There are four basic types of gear reducers on the market today:helical gears,parellel shaft helical gears,helical bevel gears,and helical worm gears. The latter three types of gear reducers are often used in the theatre industry. Both parallel shaft and helical bevel gear reducers are very efficient in transmittting power from the motor to the output shaft. The helical worm gear reducer is inefficient in its transmission of power from the motor to the output shaft. The helical worm design is the mostly widely used gear reducer type, offering long service life overload and shock tolerance.
Efficient gear reducers are used on most of today’s packaged winch systems. They are also used on most fire curtain motor systems as they are easy to back drive, which is the reverse of the normal operation. The output shaft is used to turn the input shaft. Many fire curtain release systems release the brake on the motor, using the weight of the fire curtain to turn the output shaft of the gear reducer, which turns the motor. A hydraulic dampener attached to the motor controls the descent speed of the fire curtain.
An inefficient gear reducer design does, however, have advantages in the threatre world. A helical worm gear reducer with a gear ratio greater than 60:1 statistically cannot be back-driven. This means that a load on the output shaft will remain staionary even if the motor brake is released. Most line shaft, drum, and counterweight assist winches use this type of gear reducer because of this feature. Helical worm gear reducers are a simple design that is very cost-effective to produce. This design lends itself to the lower output RPM and higher gear ratios used in the theatre industry.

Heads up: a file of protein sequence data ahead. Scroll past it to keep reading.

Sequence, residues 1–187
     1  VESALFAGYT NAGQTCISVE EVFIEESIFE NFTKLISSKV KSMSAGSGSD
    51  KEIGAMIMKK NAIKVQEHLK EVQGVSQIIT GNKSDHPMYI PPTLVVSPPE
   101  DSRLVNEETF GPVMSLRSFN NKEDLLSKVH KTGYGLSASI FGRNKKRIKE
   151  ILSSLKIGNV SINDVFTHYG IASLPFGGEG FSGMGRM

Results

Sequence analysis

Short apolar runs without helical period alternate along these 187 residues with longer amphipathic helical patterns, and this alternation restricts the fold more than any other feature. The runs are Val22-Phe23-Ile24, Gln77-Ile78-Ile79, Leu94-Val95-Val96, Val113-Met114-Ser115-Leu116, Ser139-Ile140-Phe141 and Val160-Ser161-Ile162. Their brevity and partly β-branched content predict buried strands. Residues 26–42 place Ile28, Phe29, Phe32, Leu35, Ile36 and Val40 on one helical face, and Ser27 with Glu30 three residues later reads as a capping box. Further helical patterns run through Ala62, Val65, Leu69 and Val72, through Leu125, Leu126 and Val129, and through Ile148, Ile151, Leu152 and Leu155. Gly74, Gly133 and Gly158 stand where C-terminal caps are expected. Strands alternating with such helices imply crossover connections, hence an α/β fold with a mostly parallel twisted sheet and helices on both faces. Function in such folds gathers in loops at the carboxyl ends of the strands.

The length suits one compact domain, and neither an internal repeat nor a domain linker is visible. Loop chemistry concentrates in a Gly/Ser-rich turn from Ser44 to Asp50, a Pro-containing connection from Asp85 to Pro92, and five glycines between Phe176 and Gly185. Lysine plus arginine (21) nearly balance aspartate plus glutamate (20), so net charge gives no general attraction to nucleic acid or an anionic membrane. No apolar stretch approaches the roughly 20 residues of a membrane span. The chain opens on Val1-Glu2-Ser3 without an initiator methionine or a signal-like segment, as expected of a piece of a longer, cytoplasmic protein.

Gear reducers are filled with oil and are vented because the oil will expand as the reducer is used. The oil helps to keep the reducer cool. The reducer will have breather vent and a drain plug. While it may look like as if they can be mounted or oriented in any position, it is very important to be certain that the vent is at the top and drain at the bottom when the reducer is mounted in its final position. The amount of oil with which the reducer is filled varies with the orientation that is used. The orientation is also important regarding the bearings that are installed into the reducer. The manufacturer will install different bearing depending on whether the bearing is below or above the oil level in the reducer. Thus it is important to order a gear reducer for the specific orientation for which it will be used.
Gear reducers also have their own service factor, which is defined by the American Gear Manufactures Association (AGMA). AGMA adjusts a reducer’s ratings relative to the individual load charateristics of the reducer. AGMA’s ratings are based upon time duration. For winches used for between three and ten hous per day the service factor is 1.25. For winches used for more than ten hours per day the service factor is 1.5.